In parts 1 & 2 of our series on the confidence interval, we have covered some of the basic statistical concepts – means, standard deviations, and distributions – and how they can be used to describe the results obtained from a bioassay. Then, we described how we can investigate the distribution of our sample-based estimates using the standard error and the central limit theorem.
Here, we’re going to use the ideas we’ve discussed previously to, at last, fully define the confidence interval, describe the process of constructing one, and investigate it’s meaning.
Let’s return once again to the measurement we’ve been using throughout this series: the EC50 of a lot. Recall once again that we’re treating the EC50 as measured on the log scale, since then we can safely assume that the values we observe are drawn from a normal distribution. In part 2, we examined the following dataset:
And determined that it had the following properties:
Sample Standard Deviation:
Now, we want to construct a confidence interval for the population mean. What do we need?
Well, we already have two ingredients to hand: the sample mean, , which informs the centre of the confidence interval, and the standard error, , whose purpose will become clear in a moment.
For the final component, we need a reference value from a distribution. Since we only have an estimate for the population standard deviation, we would typically need to use a t-distribution. In this case, however, our sample size is large enough that we can approximate the t-value from the standard normal distribution, which we will do for the sake of simplicity. Our reference value is, therefore, a Z-score and is denoted by z*.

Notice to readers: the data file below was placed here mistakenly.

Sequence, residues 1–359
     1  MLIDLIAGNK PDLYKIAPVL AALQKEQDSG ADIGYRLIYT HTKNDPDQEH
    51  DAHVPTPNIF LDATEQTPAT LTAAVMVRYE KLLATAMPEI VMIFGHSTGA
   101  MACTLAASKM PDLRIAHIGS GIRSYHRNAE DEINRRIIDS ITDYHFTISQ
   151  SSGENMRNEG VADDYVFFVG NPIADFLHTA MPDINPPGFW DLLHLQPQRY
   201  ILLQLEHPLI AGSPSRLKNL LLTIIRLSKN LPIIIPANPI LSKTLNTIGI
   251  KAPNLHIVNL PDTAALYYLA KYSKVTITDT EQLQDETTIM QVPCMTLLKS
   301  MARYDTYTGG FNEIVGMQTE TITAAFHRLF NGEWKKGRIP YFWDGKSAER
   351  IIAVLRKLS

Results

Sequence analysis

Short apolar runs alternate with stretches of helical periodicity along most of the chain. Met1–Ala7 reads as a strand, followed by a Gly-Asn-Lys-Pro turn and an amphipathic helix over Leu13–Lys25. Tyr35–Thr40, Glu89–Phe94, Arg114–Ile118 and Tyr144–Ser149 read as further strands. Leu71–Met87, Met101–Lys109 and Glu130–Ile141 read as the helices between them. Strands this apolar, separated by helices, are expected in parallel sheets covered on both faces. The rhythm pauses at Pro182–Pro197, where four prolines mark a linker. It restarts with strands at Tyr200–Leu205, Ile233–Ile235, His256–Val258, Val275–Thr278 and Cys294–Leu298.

We then use a handy feature of normal distributions. For any normally distributed population, we can calculate the percentage of observations we would expect to see at set distances away from the mean. We measure these distances in terms of the standard deviation of the distribution. For example, about 67% of the data falls within 1 standard deviation of the mean, about 95% of data falls within 2 standard deviations, for any normal distribution.
Let’s say that our desired confidence level is 95%. The Z-score for our confidence interval then tells us the size – in standard deviations – of the window we need to cover 95% of the distribution. In this case we will need z*=1.96 to construct a 95% confidence interval.
With our ingredients gathered, let’s cook. The formula which determines the upper confidence limit (UCL) and lower confidence limit (LCL) for our confidence interval is:
The quantity is often referred to as the margin of error.